The fight between the California city and a Vietnamese entrepreneur named David Tran had become national news largely because the sauce is a cult sensation in the United States. The city was about to put a stop to production over concerns about chili fumes seeping from the hot sauce factory and irritating nearby residents.
The city council both filed a lawsuit over the matter and declared a month ago that the plant was a “public nuisance.” On Wednesday, the council voted to drop the lawsuit and rescind the declaration.
The situation had become a commentary on the California business climate more broadly, officials beyond Irwindale said. That was evident as officials from Democratic Gov. Jerry Brown’s Office of Business and Economic Development got involved and helped broker Wednesday’s deal.
The scrutiny by city officials on a classic up-by-your-bootstraps entrepreneurial success was sending the wrong message about California’s business climate, Los Angeles County economic development official Bob Machuca told The Pasadena Star-News. Solving the Sriracha problem “is what we needed to do a long time ago.” Now, he said, the message is that California is “open for business.”
The victory for Mr. Tran, who first created Sriracha in a five-gallon barrel after emigrating from Vietnam more than three decades ago, is a major one: It removes uncertainty about his expansion plans at the same time as McIlhenny, a Louisiana company, is introducing a Tabasco Sriracha to compete.
Sriracha comes from the name of a town in Thailand (Tran picked it because it was also the name of the ship he emigrated on), and as such is not copyrightable.
His ordeal also included a separate move by California health regulators last December to stop production for a month to make sure the sauce was safe, despite no one ever complaining about it. Regulators did not find problems during the stoppage.
In all, Tran’s experience has become a cautionary tale for entrepreneurs going to market with unorthodox products that become popular.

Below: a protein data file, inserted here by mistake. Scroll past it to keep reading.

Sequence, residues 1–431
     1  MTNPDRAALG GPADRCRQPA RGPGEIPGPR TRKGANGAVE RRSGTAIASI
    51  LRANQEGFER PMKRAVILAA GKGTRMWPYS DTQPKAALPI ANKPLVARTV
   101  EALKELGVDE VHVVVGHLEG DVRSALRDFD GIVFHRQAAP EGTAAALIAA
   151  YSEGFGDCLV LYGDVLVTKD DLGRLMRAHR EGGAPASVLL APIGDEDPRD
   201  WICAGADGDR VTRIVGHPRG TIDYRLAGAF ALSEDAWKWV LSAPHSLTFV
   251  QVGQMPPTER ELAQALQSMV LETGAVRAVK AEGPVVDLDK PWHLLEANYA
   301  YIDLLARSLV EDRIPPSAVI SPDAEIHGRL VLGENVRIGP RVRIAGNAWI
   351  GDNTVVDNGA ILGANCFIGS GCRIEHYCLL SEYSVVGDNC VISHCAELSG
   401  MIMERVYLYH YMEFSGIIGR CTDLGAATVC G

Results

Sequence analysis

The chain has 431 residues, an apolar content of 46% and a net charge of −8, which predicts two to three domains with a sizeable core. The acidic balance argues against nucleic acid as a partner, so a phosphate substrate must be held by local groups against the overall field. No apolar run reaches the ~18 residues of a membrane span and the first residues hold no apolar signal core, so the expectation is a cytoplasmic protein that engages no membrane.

“What’s doubly troubling for Tran is that he opened his new Irwindale factory precisely because demand for his Sriracha sauce had increased so dramatically,” Kate Pickert writes in Time. “But that decision has only invited more business complications and an opening for others to capture market share.”
Yet Wednesday night’s decision in Irwindale also highlights a natural corrective to the American marketplace: Other cities, mainly in California and Texas, actively courted Tran, with Oroville, Calif., even offering the company “streamlined permitting” to get up and running. Texas, for one, is in heavy competition with California over economic development projects.
“Thank you so much for saving Irwindale because we were headed in the wrong direction,” resident Fred Barbosa told the Star-News after the vote.
The Sriracha troubles began during the annual August chili grinding last year, when residents complained of noxious chili fumes.
After a February public hearing where residents recounted the effects of the fumes, the city council last month voted unanimously to declare the site a public nuisance, which opened the door to possibly squelching the world’s supply of Sriracha.
The gist of the conflict seemed to be this: The city said that Tran was uncooperative in addressing the problem, thus putting him in breach of contract. Tran’s lawyer said the company thought it was doing what the city wanted. The relationship has been fraught with protests and complaints, with Tran exclaiming last month at a city council meeting: “Why do you hate me, why do you want to shut me down?”
Wednesday’s vote came after Tran assured council members that he had installed a stronger kind of filter that should fix the problem. “At the commencement of this year’s chile harvest season, if the air filtration system does not perform well, then Huy Fong Foods will make the necessary changes in order to better the system right away,” Tran wrote in a letter to the council.
“I believe he stands by his word,” Mayor Mark Breceda told reporters. “I will say that I believe that not always lawsuits are good for any business or any community. It’s not only hurtful but expensive. I don’t believe at this point that it was the right way to go, but certain things had to be done.”